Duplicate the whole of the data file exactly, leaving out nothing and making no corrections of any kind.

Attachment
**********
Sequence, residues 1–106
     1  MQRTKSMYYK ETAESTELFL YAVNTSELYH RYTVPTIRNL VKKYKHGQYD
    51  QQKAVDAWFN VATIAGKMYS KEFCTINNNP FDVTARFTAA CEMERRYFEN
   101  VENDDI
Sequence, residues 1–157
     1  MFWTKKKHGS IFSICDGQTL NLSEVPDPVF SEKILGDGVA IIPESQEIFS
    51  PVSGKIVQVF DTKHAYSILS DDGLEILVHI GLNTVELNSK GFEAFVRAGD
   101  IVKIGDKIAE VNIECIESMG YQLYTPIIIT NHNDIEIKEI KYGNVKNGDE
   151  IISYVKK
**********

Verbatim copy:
Sequence, residues 1–106
     1  MQRTKSMYYK ETAESTELFL YAVNTSELYH RYTVPTIRNL VKKYKHGQYD
    51  QQKAVDAWFN VATIAGKMYS KEFCTINNNP FDVTARFTAA CEMERRYFEN
   101  VENDDI
Sequence, residues 1–157
     1  MFWTKKKHGS IFSICDGQTL NLSEVPDPVF SEKILGDGVA IIPESQEIFS
    51  PVSGKIVQVF DTKHAYSILS DDGLEILVHI GLNTVELNSK GFEAFVRAGD
   101  IVKIGDKIAE VNIECIESMG YQLYTPIIIT NHNDIEIKEI KYGNVKNGDE
   151  IISYVKK